Melvyn Bragg was born in Wigton, Cumbria, and educated there and at Wadham College, Oxford. His broadcasting career began at the BBC in 1961. He worked on the arts programme Monitor with Huw Wheldon in the mid-1960s; during this time he began writing novels, set mostly in his native Cumbria. He collaborated with Ken Russell and wrote the 1970 film about Tchaikovsky, The Music Lovers. He also wrote Isadora, directed by Karel Reisz, Play Dirty starring Michael Caine, and worked with David Lean.
In 1977, Melvyn started LWT’s long-running arts programme, the award-winning The South Bank Show. The programme was decommissioned in 2010, when he took the programme to Sky Arts. Sky Arts also broadcasts 30 editions a year of South Bank Show Originals.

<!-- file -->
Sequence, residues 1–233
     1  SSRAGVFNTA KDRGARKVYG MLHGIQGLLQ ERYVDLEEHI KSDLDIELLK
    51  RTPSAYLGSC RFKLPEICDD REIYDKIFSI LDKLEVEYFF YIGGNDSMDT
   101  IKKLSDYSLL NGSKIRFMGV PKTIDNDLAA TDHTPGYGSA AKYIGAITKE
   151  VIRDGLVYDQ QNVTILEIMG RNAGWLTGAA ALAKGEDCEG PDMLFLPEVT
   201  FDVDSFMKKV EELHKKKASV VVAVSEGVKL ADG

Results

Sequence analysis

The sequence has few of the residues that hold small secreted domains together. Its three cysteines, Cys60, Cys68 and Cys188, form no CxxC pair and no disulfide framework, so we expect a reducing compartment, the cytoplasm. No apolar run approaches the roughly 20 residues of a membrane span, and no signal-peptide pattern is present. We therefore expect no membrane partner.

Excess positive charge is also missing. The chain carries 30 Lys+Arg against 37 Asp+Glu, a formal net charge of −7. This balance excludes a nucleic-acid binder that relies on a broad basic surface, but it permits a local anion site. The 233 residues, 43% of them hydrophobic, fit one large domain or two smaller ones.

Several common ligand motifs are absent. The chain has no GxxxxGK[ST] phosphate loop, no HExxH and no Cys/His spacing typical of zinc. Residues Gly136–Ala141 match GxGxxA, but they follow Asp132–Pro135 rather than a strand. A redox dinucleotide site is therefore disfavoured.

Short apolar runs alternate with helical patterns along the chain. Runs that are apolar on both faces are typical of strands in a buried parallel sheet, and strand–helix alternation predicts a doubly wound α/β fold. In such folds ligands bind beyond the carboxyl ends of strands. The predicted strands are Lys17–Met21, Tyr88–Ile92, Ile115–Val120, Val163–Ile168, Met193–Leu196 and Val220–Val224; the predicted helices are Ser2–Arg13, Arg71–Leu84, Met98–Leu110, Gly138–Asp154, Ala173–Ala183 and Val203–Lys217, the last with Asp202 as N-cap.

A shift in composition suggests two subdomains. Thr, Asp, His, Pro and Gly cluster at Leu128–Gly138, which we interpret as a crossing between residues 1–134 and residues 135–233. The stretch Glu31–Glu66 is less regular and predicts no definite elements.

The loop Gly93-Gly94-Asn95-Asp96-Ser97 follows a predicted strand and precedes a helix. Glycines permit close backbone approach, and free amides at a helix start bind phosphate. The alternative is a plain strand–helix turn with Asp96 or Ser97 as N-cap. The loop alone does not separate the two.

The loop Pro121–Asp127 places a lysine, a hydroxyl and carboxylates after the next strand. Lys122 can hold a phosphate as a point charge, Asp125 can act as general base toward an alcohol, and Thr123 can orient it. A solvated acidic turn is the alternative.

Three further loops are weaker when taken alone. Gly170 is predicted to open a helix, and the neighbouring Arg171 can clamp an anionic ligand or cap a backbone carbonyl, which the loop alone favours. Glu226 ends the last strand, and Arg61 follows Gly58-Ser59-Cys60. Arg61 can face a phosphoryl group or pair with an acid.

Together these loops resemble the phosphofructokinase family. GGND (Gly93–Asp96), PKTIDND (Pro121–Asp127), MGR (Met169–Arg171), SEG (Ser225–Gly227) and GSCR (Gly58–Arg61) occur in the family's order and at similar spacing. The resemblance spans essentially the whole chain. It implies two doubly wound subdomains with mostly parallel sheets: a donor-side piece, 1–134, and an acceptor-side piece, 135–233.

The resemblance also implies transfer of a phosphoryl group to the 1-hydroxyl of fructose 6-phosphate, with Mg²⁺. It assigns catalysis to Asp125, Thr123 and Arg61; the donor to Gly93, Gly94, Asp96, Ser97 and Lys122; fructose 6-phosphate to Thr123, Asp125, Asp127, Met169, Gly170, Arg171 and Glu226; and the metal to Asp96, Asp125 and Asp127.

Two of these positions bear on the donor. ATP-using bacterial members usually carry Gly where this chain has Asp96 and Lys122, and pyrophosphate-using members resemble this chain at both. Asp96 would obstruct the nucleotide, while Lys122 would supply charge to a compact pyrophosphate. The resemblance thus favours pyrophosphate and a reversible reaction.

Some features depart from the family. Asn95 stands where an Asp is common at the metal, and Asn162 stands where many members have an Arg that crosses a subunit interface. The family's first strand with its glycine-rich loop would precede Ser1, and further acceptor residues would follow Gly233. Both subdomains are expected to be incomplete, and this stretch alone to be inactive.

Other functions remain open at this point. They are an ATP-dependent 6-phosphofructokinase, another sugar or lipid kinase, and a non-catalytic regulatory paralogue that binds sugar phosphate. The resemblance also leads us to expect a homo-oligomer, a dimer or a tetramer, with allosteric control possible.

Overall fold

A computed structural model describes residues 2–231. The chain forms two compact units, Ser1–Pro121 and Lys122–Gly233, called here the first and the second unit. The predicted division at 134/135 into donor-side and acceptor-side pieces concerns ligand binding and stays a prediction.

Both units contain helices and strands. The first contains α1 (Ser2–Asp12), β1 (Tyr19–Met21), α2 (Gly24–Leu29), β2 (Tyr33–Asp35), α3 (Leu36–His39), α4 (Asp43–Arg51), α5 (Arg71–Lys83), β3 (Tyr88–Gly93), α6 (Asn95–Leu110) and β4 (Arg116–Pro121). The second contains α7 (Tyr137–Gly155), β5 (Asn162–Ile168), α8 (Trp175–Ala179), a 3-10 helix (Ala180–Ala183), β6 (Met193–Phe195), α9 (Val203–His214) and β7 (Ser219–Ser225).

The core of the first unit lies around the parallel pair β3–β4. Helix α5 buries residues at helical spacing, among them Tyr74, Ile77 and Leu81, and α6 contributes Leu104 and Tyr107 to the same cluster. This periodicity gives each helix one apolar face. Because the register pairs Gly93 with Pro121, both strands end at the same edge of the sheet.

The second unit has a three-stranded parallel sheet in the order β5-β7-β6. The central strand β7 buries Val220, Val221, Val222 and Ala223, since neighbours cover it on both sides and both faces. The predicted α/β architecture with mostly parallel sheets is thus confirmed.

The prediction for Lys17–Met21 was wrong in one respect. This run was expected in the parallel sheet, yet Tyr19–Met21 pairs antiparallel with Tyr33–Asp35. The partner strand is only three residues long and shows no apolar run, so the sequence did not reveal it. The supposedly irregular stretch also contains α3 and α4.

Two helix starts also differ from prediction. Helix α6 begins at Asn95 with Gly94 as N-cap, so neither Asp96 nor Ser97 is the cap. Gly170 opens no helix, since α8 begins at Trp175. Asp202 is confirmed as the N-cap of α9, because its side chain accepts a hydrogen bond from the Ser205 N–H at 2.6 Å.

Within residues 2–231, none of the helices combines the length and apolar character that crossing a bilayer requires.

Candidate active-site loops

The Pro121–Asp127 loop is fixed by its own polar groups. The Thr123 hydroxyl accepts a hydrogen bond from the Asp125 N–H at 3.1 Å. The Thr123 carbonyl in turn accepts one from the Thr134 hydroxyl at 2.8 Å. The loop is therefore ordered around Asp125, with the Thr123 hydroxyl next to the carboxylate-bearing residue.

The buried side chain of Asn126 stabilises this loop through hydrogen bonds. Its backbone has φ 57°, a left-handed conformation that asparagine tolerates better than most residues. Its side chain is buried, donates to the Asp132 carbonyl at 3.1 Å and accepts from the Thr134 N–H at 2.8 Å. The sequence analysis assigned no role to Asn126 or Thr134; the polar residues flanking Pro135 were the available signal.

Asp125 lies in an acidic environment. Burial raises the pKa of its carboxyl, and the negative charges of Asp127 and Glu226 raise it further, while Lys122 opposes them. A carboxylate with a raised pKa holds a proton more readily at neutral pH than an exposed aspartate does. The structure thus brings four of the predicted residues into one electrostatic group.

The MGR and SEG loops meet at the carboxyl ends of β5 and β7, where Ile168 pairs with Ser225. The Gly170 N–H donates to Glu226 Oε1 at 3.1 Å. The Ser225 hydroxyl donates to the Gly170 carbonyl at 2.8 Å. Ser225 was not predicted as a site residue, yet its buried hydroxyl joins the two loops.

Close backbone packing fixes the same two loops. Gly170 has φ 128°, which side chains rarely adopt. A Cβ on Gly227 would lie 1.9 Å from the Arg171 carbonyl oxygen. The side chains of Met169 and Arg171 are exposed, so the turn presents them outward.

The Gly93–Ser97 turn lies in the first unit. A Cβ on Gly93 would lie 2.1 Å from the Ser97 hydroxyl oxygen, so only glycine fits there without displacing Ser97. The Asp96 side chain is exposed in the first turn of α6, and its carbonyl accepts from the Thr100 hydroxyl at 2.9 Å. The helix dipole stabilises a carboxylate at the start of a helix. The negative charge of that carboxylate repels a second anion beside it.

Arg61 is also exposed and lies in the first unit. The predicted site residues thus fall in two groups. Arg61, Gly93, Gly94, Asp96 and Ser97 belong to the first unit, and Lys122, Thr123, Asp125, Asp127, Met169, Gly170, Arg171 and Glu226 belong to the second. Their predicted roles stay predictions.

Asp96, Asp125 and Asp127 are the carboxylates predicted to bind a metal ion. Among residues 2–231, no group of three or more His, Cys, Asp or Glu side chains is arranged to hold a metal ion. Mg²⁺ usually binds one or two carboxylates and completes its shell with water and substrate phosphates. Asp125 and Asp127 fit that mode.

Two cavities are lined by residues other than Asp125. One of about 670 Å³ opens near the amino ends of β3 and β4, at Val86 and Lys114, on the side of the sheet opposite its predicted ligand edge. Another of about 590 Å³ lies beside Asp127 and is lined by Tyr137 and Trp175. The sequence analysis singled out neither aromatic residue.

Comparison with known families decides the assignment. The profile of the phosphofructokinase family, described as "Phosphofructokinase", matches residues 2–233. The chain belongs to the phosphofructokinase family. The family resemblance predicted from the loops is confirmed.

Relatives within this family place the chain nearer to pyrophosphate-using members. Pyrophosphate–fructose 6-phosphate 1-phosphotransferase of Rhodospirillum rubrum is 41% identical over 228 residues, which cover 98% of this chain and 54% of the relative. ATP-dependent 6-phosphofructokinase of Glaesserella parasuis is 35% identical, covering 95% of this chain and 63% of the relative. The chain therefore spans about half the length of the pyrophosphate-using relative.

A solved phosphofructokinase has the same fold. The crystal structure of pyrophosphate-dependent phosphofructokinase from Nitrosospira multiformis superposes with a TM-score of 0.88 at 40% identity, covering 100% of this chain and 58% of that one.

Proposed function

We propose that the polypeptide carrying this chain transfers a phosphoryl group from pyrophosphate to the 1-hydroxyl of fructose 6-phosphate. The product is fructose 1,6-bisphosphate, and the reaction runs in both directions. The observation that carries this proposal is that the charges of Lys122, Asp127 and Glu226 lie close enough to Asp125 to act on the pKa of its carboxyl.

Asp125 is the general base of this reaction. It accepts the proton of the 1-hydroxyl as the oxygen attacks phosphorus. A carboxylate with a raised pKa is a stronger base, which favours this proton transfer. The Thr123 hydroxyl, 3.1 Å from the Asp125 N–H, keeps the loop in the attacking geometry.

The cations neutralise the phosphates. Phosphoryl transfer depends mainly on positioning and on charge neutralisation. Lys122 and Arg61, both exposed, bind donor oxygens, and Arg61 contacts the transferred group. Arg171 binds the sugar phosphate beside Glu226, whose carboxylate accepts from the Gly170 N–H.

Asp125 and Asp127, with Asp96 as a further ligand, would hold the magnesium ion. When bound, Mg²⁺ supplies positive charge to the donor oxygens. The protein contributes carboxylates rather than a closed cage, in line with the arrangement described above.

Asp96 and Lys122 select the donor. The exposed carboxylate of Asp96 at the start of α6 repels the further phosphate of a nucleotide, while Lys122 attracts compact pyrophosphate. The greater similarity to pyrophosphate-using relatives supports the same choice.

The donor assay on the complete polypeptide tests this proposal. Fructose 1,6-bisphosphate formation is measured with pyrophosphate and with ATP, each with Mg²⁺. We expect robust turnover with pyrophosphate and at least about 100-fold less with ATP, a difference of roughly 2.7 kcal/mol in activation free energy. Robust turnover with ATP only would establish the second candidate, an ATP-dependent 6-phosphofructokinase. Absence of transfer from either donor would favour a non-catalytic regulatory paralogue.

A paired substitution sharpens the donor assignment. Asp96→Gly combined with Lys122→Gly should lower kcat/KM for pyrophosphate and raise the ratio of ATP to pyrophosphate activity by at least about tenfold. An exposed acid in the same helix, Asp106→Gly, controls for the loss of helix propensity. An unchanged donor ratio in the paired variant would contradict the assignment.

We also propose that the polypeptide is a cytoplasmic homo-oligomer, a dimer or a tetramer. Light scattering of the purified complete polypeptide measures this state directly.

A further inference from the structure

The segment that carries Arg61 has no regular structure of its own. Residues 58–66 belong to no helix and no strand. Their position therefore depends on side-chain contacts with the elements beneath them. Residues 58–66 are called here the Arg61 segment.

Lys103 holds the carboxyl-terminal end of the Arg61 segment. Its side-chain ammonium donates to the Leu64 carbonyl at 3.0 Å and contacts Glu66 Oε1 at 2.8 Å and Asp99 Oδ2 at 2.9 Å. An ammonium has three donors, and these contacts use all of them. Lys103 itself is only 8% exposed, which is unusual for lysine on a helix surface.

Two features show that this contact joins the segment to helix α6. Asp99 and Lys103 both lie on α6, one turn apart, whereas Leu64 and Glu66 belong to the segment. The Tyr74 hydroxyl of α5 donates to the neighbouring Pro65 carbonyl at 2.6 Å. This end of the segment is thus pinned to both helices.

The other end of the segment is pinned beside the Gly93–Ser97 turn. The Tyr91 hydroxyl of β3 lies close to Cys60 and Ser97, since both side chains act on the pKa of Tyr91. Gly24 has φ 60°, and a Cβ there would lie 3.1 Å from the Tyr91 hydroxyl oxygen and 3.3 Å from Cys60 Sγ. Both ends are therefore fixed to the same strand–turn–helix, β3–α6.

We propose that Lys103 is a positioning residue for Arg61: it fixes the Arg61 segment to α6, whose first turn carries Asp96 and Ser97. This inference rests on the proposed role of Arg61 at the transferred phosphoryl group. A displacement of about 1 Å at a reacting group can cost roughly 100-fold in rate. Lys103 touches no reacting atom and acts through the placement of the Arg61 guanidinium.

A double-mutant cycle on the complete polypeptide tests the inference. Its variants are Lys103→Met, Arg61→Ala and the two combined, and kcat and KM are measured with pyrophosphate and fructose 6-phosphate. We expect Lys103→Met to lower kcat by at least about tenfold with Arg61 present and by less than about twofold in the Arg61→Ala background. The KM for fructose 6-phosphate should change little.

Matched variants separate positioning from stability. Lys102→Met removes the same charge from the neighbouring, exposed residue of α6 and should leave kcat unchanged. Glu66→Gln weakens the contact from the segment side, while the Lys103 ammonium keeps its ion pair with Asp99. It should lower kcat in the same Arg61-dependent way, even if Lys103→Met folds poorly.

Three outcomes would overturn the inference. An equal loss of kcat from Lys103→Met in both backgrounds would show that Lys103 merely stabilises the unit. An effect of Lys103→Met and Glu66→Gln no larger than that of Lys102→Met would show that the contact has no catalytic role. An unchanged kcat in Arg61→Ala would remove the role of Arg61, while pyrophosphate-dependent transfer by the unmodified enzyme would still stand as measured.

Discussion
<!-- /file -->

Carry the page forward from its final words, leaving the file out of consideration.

Melvyn presents arts and science programmes and marshals discussion shows on BBC Radio (In Our Time), and writes non-fiction books, including The Adventure of English (2003) and The Radical Impact of The King James Bible (2011). He is an Honorary Fellow of the British Academy, and was given a peerage in 1998.